Lockdowns aren't good for smokers.
More than a quarter of the 500,000 New Zealanders still smoking said their cigarette intake increased during last year's level 4. It is possible that a similar increase is taking place during the latest level 2/3 alert.
While professionals wring their hands about the health implications of this on smokers' lives, there is a significant role bystanders, friends and whānau can play to help - and it lies in our attitudes toward them.
Some of us apply value judgments when we see people we know light up, often because we are concerned for them. But many people still smoking in Aotearoa have had too much experience of being judged for things they have no control over – their ethnicity, job status, where they live for example. They are highly sensitive to being "judged". Any whiff of it can not only have the opposite effect, it may alienate the very person you are trying to help.
Most smokers already feel powerful amounts of whakamā, or shame, each time they light a cigarette. Not only does this feed into issues of self-worth, it can stop smokers from reaching out for help.
Studies have shown that as well as preventing the seeking of support, stigmatising smokers may actually enhance or reinstate cigarette use, playing a key part in the vicious cycle that drives people to continue smoking.
People contacting Quitline sometimes tell us that the non-judgmental, positive conversations we have with them are important to their quit journey. If someone tells you they want to quit, it's good to celebrate this milestone with them.
If they regress a little and smoke a few, that's okay. Let them know it's normal to have a snakes and ladders approach to quitting. Remind them it's what they do next that matters.
Let them know that they're not alone. People trying to quit are "in it together" and online support can be the "team" they carry in their pocket.
It is best to avoid telling smokers what to do or how they should change. Instead, invite them to consider what changes they would like to make. Give them permission to have a go at quitting. You could use statements like: "What have you got to lose?"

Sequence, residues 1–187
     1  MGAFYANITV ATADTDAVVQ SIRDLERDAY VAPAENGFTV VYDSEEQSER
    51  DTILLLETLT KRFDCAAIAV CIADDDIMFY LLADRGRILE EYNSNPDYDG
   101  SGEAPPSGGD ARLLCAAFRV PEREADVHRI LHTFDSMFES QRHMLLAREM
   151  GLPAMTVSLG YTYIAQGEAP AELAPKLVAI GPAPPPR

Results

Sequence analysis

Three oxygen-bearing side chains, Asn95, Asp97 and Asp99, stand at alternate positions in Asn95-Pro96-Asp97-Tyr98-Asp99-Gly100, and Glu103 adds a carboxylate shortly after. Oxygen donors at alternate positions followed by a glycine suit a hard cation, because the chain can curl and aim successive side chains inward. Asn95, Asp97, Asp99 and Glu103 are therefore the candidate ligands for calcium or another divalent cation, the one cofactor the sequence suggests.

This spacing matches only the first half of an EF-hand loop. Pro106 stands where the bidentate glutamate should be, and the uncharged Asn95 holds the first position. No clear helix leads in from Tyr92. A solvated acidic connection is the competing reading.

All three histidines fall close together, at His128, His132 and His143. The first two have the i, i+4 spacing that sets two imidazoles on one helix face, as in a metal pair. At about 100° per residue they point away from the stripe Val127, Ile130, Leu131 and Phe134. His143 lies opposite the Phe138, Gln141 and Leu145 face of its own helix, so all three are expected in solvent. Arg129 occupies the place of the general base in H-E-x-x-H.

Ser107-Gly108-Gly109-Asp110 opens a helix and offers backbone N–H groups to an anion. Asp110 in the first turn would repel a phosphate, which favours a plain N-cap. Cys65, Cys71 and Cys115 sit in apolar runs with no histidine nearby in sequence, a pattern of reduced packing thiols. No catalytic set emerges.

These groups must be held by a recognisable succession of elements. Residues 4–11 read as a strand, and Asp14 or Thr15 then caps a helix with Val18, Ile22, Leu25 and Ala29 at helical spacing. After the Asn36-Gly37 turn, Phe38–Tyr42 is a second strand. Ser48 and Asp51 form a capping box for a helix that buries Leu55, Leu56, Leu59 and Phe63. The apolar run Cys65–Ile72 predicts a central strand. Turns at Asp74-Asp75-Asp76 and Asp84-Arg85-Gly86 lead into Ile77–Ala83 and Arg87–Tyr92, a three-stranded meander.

The good news is that quitting smoking often has much more than just a positive effect on physical health. Many ex-smokers say that they experienced an increase in self-worth when they stopped.
Quitting smoking can be a powerful motivator for people to then make other changes in their lives. There is a sense of: "If I can do this, what else can I do?"
While smoking may be one of many barriers to someone's wellbeing, living in difficult circumstances doesn't need to stop them quitting cigarettes. Sometimes, it is about realising that with support this could be the one thing they can do something about.
If there are several family members smoking, a whole-of-whānau approach may be worth trying. This can help break the cycle and offer a smoke-free future for tamariki.
Almost 26,000 smokers reached out to Quitline for help in the year ending June 30, 2020. More than 28 per cent of them were smoke-free after four weeks.
While we salute each and every one of these new non-smokers, we have a long way to go.
With half a million of our people still addicted to cigarettes, it's going to take a team of five million to help them. So come on Kiwis, let's quit shaming smokers and support them to stop instead.
• Dr Lyndy Matthews is a general adult psychiatrist and consulting psychiatrist for the National Telehealth Service including Quitline.